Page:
-- The third-ranking Republican in the Indiana Senate wrongly said that a
financial incentive for installing solar panels would likely disappear
unless lawmakers supported his bill to revamp the benefit.
At least one
lawmaker said that inaccurate testimony by Sen. Brandt Hershman during a
recent Statehouse hearing led him to back the proposal. The bill would
sharply curtail the benefit that homeowners, churches, businesses and
schools now reap by harnessing the sun’s energy.
Lafayette, painted a dire picture when he promoted the bill. He inaccurately
stated that without changes included in his measure, everyone who currently
benefits from a state “net metering” program would be kicked off once a cap
grandfathering. No guarantee. Nothing,” he said during a Feb. 16 hearing.
“People ask for a reason for the bill -- this is part of it.”
If that were true,
roughly 1,000 utility customers in Indiana who get credit on their bill for
feeding -- or “net metering” -- surplus power back into the grid would face
the possibility of a major financial loss on their investment in alternative
The measure, which
is expected to come up for a vote before the full Senate this week, was
ultimately approved by the committee on an 8-2 vote.
down from his comments in a statement Friday, though he insisted that his
testimony was “accurate” and declared it “a non-issue.”
“This is a
manufactured controversy from a liberal special interest group seeking to
perpetuate a program that, as it grows, will hurt consumers while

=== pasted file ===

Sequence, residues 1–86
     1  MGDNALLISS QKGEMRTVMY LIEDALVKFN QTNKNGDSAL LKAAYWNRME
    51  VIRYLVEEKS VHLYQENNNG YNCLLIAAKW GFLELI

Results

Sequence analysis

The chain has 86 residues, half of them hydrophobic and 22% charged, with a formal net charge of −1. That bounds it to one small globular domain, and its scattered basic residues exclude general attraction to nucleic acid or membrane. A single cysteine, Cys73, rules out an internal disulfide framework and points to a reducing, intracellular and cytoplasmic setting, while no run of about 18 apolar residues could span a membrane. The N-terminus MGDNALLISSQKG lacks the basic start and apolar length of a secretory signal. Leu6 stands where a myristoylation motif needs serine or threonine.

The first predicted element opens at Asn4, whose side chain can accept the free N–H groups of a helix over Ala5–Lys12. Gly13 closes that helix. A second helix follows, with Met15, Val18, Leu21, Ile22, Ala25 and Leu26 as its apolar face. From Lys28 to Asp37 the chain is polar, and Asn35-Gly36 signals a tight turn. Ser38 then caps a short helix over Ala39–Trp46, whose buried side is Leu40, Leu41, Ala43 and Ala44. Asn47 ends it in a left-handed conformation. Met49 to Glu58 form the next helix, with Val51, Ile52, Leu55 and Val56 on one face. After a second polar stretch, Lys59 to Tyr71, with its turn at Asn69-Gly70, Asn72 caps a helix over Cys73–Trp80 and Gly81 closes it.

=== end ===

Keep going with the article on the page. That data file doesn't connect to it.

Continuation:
financially benefiting the group’s clients,” Hershman said.
currently mandates that solar panel owners are allowed to feed excess energy
they generate back into the power grid, which they must be compensated for.
companies say the current rate of compensation offered through net metering
is too generous, and Hershman hopes to reduce that rate through his bill.
Solar energy proponents say the current rate is needed in order to break
even during the useful life of a solar panel system.
State law requires
utilities to allow new customers to join net metering programs until about 1
percent of the utility’s energy comes from an alternative energy source,
such as solar.
Once the cap is
met, utilities are still required to offer the benefit to existing
participants, though they may turn away additional people who want to net
meter, according to the Indiana Utility Regulatory Commission.
But that’s not what
Hershman told fellow lawmakers. And opponents suggest that his false
statements were intended to drum up support for his bill.
Distributive Energy Alliance, an alternative energy advocacy group, said in
a letter to lawmakers that “misstatements” by Hershman about Indiana’s net
metering rules “simply are not true” and were “so egregious we think they
may have unfairly influenced (the) committee vote.”
On Friday, Hershman
said he wanted to clarify his comments, and he acknowledged that “existing
customers would be grandfathered” under the current rule.
Lonnie Randolph, of East Chicago, said he initially planned to vote against
the bill, but was persuaded during the hearing.
“Knowing what I
know now, I would not vote for the bill,” said Randolph.
Growth in the solar
energy market could eventually eat away at the business of the big utilities
-- in Indiana Duke Energy, Vectren and Indiana Michigan Power -- which have
a powerful voice and support Hershman’s bill to curb the solar power
worries about his proposed decrease in the rate of compensation for solar
panel owners could be rendered moot as the cost and efficiency of solar
The bill, he said,
is an attempt to balance the interests of utilities, while still supporting
alternative energy sources.